As it turned out, the length specified (21 inches) is very hard to find.  What I did find out is that when you run into this situation, you can buy a longer zipper and shorten it, and a separating zipper is just fine (I’m pretty sure you can use separating or non-separating).  This may seem obvious, but it was something I didn’t know and had to learn.  Luckily I had a longer zipper in my stash, so I was able to use that.

Grainline Studio Portside Duffle

The other area that confused me was the interfacing.  I looked around online for ideas, but it was all so overwhelming!  I had no idea there were so many kinds of interfacing (and stabilizer!) or so many things you could do with the interfacing.  You can even combine interfacings!  Here is what I ended up using:  for the bottom, I bought 2/3 of a yard of 20″ wide Pellon Peltex 71F Single-Sided Fusible Ultra Firm Stabilizer.  (The bottom pattern piece of this bag is 21 5/8″ x 12 3/8″.) For the sides/top of the bag I used Pellon 809 Decor Bond (Firm Iron-on Backing with Extra Crispness).  My bottom fabric (the gold) was heavier than my top fabric (the off-white), so I used one layer of interfacing on both, but also added a layer of quilting-weight fabric to the top portion, like the way you might underline a garment.  I did not interface the striped pocket on the outside or my lining fabric.  I bought all my interfacing and stabilizer at JoAnn Fabrics.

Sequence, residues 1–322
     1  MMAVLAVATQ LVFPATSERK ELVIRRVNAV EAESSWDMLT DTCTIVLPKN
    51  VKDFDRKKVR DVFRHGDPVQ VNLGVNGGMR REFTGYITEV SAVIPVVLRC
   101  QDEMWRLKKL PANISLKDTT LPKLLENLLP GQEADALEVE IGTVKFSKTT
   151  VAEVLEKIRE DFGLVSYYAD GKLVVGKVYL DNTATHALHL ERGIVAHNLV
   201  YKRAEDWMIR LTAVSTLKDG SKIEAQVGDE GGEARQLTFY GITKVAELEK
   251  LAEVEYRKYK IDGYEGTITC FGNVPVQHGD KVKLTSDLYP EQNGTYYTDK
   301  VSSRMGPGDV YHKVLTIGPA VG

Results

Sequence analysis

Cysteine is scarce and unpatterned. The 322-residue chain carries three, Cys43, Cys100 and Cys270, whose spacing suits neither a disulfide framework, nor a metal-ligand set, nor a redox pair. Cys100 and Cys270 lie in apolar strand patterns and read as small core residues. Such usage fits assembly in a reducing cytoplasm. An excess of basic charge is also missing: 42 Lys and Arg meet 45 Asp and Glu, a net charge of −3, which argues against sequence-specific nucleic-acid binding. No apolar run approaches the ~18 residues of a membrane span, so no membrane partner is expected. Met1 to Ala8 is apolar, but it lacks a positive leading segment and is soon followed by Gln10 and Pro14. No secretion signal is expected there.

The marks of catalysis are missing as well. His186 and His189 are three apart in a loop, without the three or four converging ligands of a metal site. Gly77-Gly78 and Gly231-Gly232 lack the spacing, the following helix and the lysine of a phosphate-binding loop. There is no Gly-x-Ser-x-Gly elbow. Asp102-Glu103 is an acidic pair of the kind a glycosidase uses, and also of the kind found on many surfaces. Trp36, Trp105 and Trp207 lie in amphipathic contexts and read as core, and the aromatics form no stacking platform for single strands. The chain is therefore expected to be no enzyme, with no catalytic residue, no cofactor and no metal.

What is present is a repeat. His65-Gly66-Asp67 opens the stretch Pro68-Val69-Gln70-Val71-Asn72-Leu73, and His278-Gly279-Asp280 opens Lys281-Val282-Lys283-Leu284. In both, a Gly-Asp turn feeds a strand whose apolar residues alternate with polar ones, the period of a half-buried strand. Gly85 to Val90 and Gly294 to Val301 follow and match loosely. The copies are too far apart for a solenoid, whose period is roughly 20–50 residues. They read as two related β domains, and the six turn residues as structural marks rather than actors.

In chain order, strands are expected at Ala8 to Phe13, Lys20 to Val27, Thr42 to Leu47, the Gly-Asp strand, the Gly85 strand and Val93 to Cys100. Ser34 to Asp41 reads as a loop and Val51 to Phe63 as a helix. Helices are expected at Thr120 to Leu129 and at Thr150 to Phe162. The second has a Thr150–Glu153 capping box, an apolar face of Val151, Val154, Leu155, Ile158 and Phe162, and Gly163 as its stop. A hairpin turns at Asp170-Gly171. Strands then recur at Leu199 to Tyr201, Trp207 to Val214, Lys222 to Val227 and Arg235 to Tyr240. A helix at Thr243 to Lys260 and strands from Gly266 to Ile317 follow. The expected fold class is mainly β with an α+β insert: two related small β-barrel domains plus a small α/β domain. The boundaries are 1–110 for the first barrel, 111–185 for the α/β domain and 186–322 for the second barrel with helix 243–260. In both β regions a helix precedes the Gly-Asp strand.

Grainline Studio Portside Duffle

In case you also struggle with the interfacing/stabilizer question, I found some helpful information in this article on sew4home.com:  “Top Interfacing Solutions For Bags and Totes:  Fabric Depot“, as well as this one from Sew Sweetness: “All About Bag Interfacing“.  Sew Sweetness had a lot of good information for bag-makers of all experience levels.

Cost-Saving Strategies

The other area that I struggled with was the overall cost of this project.  I tend to have a pretty limited budget, so cost is always a factor.  When I started to realize how much the pattern, fabric, and hardware could cost, I decided to get creative and see where I could save money.  Here is what I did.

I decided to make my own straps all with a width of 1.5″, rather than some at 1.25″ and some at 1.5″.  This would also allow me to use the 1.5″ D-rings I had in my stash rather than buying 1.25″ D-rings which I didn’t have (and which were harder to find).  There were two books that I found really helpful as I dug into the details of this project.  The first was On-the-Go-Bags by Lindsay Conner and Janelle MacKay, which helped me see that I actually could make my own straps (something I didn’t know as a newbie to bag-making).  The other book, which was the most helpful, was The Better Bag Maker by Nicole Mallalieu, which was filled with all sorts of helpful information.  If you sewed through this book, you would come out the other side with a lot of bag-making knowledge and skills.